Ever since Android started taking off, people have warned that Apple was going to lose the smartphone wars, just like it lost the PC wars.
In the 80s, Apple led the way with computer innovation for the Mac. But it was Microsoft that eventually took control of the personal computing market and never let go. Apple was relegated to a niche player, and almost died.
This time, Apple led the way with the iPhone, but Google’s Android is now shipping on 80% of all smartphones, relegating Apple to a niche player. Apple, with $US160 billion in cash, isn’t anywhere close to death, but for some people, memories of the 90s linger, and there is a concern that the same thing is going to happen eventually.
Apple CEO Tim Cook was asked if he wasn’t putting the company in the same vulnerable position it found itself in in the 90s by Daisuke Wakabayashi at the Wall Street Journal.
Cook rejected the comparison for two reasons.
First, he says the reason Windows left the Mac in the dust is that the Mac lost key applications. As a result, users went to Windows computers.
This time, Apple has an equal, or better set of applications. Apple has a million iPhone applications, and half a million iPad applications. On Android, Cook says there only 1,000 apps specifically designed for tablets. “That’s one of the reasons, although not the only reason, why the experience on Android tablets is so crappy because the app is nothing more than a stretched out smartphone app,” says Cook.
Second, he says Android can’t be compared to Windows because Android is far too fragmented.
“The other thing is that Windows pretty much was one thing,” says Cook. “Android is like Europe. Europe was a name that somebody came up with for Americans who didn’t understand that Europe was a lot of countries that weren’t like U.S. states. They were very different. Android is many things. How many people who use a Kindle know that they’re using Android? And you see what Samsung is doing by putting more and more software on top.”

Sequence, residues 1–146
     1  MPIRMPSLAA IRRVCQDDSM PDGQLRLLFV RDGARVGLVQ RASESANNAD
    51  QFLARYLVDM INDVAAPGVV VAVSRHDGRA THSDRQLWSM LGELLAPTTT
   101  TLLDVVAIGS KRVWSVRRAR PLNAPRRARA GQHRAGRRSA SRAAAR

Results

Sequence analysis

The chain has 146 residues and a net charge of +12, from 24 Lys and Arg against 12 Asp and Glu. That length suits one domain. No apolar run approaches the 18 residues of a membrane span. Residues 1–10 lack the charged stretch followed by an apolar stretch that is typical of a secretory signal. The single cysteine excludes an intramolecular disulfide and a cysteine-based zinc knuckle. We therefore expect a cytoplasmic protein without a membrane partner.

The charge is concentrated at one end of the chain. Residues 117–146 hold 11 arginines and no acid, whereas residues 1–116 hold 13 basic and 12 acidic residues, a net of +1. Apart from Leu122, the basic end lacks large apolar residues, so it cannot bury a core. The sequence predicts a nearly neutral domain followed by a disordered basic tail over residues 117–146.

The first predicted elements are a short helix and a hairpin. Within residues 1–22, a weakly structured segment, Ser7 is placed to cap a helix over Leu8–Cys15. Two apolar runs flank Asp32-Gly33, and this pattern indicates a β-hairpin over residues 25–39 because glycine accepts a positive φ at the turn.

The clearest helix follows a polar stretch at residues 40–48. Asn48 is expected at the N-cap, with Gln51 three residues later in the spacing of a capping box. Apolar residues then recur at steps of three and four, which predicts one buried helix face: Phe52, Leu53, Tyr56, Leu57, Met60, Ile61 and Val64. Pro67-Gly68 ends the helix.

On some level, what Cook says is true. But, the risk is that he’s talking about what’s happened in the last six years. What happens in the next six years when Android takes over 80% of the smartphone and tablet markets? Will developers still work on iOS? Or will that change.
Cook wasn’t asked. However, he was asked about market share. His answer: We’re number in most major markets, and where we’re number two, we’re going to try to change that.
“(Among true smartphones), we’re number one in the U.S., we’re number one in Canada, we’re number one in Japan, we’re number two in Western Europe, we’re number two in Eastern Europe,” says Cook. “We’re number two in Asia when you take Japan out. So in most geographies, in most major regions of the world, we’re one or two. Would I like to be one in the places where we are two? You better believe it.”